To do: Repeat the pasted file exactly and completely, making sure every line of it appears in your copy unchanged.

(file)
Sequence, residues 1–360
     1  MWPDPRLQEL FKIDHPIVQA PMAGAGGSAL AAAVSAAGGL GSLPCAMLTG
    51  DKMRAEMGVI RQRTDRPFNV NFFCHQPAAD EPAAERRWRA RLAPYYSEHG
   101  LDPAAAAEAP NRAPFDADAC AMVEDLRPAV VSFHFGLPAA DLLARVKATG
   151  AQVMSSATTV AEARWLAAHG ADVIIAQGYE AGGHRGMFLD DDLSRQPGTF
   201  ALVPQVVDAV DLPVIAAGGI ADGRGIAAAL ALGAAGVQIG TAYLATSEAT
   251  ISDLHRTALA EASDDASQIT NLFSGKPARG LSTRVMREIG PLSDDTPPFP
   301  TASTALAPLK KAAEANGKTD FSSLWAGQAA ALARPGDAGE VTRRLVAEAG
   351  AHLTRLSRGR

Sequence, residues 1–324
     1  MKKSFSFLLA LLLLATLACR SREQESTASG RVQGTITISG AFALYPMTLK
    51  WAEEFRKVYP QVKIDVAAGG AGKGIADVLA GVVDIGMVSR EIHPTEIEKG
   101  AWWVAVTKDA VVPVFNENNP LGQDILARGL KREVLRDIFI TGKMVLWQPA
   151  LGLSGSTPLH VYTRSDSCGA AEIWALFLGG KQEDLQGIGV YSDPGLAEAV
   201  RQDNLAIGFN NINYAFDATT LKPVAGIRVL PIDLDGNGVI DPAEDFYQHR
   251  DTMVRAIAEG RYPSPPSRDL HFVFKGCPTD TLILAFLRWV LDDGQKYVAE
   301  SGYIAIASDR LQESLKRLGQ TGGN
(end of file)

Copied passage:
Sequence, residues 1–360
     1  MWPDPRLQEL FKIDHPIVQA PMAGAGGSAL AAAVSAAGGL GSLPCAMLTG
    51  DKMRAEMGVI RQRTDRPFNV NFFCHQPAAD EPAAERRWRA RLAPYYSEHG
   101  LDPAAAAEAP NRAPFDADAC AMVEDLRPAV VSFHFGLPAA DLLARVKATG
   151  AQVMSSATTV AEARWLAAHG ADVIIAQGYE AGGHRGMFLD DDLSRQPGTF
   201  ALVPQVVDAV DLPVIAAGGI ADGRGIAAAL ALGAAGVQIG TAYLATSEAT
   251  ISDLHRTALA EASDDASQIT NLFSGKPARG LSTRVMREIG PLSDDTPPFP
   301  TASTALAPLK KAAEANGKTD FSSLWAGQAA ALARPGDAGE VTRRLVAEAG
   351  AHLTRLSRGR

Sequence, residues 1–324
     1  MKKSFSFLLA LLLLATLACR SREQESTASG RVQGTITISG AFALYPMTLK
    51  WAEEFRKVYP QVKIDVAAGG AGKGIADVLA GVVDIGMVSR EIHPTEIEKG
   101  AWWVAVTKDA VVPVFNENNP LGQDILARGL KREVLRDIFI TGKMVLWQPA
   151  LGLSGSTPLH VYTRSDSCGA AEIWALFLGG KQEDLQGIGV YSDPGLAEAV
   201  RQDNLAIGFN NINYAFDATT LKPVAGIRVL PIDLDGNGVI DPAEDFYQHR
   251  DTMVRAIAEG RYPSPPSRDL HFVFKGCPTD TLILAFLRWV LDDGQKYVAE
   301  SGYIAIASDR LQESLKRLGQ TGGN